As we’ve discussed in previous blog posts, marketers have to treat China in a very different way to other countries. Where we’ve covered design or how to make the best of the explosion of e-commerce in the past, we also need to delve into the issues of language and socio-economic development to help you understand how to position your brand for China.
It's all about Mandarin in Beijing
Mandarin or Cantonese?
You’ve probably seen more Cantonese than Mandarin if you’re a Westerner who visits Chinese restaurants in your home country. But getting the local chop suey house owner to translate your material into Cantonese isn’t the way forward.
The language of Mainland China is Mandarin. There are, in a country of this size and with this many people, lots of regional dialects, but Mandarin is the standard language for all official announcements and media.
It is generally written in the ‘simplified’ form. There are still some examples and many writers of ‘traditional’ Mandarin Chinese (particularly in Taiwan) but the advent of keyboard communication is making this a more and more nostalgic study.
In Hong Kong, and in parts of Southern China, people are more likely to speak Cantonese. IT IS A DIFFERENT LANGUAGE. Do not try and cut corners by thinking because it looks a bit like Mandarin when it’s written down, they are the same. We use the same letters in European languages, but that doesn’t make them mutually intelligible, right?
Hong Kong is a Special Administrative Region of China, and the language is different
Look at where you want to target, and have your translation done accordingly. And as we say in our guide, go to a translation agency or use a specialist to make sure it’s done properly.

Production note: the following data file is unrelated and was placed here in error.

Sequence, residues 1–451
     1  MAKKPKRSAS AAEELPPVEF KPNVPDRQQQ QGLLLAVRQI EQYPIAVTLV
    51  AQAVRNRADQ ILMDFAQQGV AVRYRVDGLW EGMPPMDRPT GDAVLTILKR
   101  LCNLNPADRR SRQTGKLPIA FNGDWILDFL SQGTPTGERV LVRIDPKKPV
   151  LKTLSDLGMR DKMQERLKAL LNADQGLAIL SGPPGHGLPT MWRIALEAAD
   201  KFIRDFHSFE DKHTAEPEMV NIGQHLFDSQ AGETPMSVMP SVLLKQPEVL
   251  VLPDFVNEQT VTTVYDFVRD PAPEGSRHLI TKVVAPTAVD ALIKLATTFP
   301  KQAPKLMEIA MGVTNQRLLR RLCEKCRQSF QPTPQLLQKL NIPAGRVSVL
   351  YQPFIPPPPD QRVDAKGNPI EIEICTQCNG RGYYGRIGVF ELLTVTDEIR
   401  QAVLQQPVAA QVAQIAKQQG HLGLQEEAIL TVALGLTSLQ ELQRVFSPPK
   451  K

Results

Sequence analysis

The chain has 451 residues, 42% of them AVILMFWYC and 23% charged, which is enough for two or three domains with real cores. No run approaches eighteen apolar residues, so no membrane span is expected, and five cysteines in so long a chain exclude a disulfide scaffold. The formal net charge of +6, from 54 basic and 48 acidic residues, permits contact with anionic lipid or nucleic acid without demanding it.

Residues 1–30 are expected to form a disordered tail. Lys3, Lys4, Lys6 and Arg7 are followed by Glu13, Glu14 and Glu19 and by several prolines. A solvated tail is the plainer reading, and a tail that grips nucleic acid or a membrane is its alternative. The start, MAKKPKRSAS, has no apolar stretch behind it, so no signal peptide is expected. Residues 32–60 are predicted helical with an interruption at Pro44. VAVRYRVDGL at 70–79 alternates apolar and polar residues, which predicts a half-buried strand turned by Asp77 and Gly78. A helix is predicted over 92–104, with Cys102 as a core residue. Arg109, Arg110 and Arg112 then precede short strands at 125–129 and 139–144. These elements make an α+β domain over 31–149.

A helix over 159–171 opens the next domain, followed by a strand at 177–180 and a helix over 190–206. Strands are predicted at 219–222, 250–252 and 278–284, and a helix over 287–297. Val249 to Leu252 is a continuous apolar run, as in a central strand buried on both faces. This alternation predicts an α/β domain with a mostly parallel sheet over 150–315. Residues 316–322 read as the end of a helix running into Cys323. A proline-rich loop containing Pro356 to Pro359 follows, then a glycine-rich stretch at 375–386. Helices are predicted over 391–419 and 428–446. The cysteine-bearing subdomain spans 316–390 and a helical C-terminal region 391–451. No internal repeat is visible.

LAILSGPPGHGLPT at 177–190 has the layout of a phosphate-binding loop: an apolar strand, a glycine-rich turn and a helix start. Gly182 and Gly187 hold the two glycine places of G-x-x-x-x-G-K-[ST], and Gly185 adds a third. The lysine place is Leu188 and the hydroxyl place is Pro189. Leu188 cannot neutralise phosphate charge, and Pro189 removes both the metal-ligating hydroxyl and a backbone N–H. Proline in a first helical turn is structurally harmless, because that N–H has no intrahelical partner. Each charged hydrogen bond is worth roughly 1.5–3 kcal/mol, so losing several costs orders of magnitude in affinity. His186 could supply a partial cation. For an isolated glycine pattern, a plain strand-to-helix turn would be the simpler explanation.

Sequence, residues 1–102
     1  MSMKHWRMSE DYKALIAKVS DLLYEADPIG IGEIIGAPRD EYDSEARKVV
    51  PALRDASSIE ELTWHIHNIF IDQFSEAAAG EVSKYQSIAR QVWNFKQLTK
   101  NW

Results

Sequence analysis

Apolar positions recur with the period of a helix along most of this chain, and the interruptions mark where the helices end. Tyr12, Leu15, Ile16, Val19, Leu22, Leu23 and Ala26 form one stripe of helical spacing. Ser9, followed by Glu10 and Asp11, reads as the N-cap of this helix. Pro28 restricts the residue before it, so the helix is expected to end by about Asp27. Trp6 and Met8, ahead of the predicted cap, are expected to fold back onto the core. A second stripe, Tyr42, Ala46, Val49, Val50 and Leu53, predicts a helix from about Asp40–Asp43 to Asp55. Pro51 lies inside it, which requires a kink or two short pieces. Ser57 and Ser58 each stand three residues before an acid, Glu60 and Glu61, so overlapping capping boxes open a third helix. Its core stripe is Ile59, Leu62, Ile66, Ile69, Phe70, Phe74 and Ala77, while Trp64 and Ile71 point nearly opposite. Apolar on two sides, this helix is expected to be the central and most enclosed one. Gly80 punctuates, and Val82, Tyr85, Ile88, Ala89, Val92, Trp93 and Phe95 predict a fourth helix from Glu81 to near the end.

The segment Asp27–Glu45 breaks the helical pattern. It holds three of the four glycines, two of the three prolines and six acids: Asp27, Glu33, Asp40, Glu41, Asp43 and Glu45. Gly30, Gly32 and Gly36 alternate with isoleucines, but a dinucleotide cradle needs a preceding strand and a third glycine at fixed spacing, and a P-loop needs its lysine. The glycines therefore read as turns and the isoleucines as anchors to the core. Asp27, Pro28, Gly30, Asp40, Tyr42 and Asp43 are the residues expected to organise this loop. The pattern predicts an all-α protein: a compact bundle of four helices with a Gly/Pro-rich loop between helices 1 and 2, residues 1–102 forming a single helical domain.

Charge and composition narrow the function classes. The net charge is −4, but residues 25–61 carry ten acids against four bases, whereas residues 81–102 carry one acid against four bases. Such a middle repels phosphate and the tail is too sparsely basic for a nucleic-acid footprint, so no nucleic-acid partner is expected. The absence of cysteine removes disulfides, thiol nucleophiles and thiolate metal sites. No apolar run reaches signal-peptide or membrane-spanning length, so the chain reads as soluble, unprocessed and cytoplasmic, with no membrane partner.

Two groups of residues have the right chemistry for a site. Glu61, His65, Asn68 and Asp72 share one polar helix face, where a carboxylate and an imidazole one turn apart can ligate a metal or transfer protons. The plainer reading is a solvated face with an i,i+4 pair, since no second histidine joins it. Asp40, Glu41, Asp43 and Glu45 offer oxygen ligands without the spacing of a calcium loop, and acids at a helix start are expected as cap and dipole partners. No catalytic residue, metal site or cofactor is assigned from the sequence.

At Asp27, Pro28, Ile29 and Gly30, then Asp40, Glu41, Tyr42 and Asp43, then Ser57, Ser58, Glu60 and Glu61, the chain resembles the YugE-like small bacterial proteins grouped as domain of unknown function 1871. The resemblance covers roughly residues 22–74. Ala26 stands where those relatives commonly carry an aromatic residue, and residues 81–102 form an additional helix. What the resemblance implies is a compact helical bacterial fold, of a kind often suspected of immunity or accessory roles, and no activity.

Tier to tier
If you’re considering doing business in China, you’ll have heard people referring to tier one or tier two cities, and there are even tier three, four and five cities. The definition of these varies according to which politician, economist or business analyst you speak to, but broadly speaking, the lower the number; the higher up the chain they are.
So, in tier one you have the megacities of Shanghai, Beijing and Guangzhou. These all have populations of tens of millions, attract the most foreign investment and attention and are the intellectual powerhouses and industrial engine rooms of China’s economic boom. People who live in these cities generally have more money, a higher lever of education and more exposure to ‘newness’. These are the target cities for marketers of both the B2B and B2C disciplines in China.
Tier two is made up of provincial capitals and sub-provincial cities, and includes the likes of Chengdu, Dalian, Nanjing, Hangzhou and Urumqi. They are spread throughout the country, and have enjoyed an increasing amount of attention from foreigners as they still maintain significant populations (around 10m) but have lower rents and labour costs. Coupled with this is a rapidly increasing standard of living and changing consumer behavior. Where the political wind is favorable to foreign investment, they can also offer incentives to companies looking to set up their China operations.
In tier three and below, the definitions become murkier, and the pace of change means cities can move between categories in a period of just a few months. These places are unlikely to be the hub of operations of foreigners doing business in China, but they present an opportunity to build on once your brand is established in upper tier cities.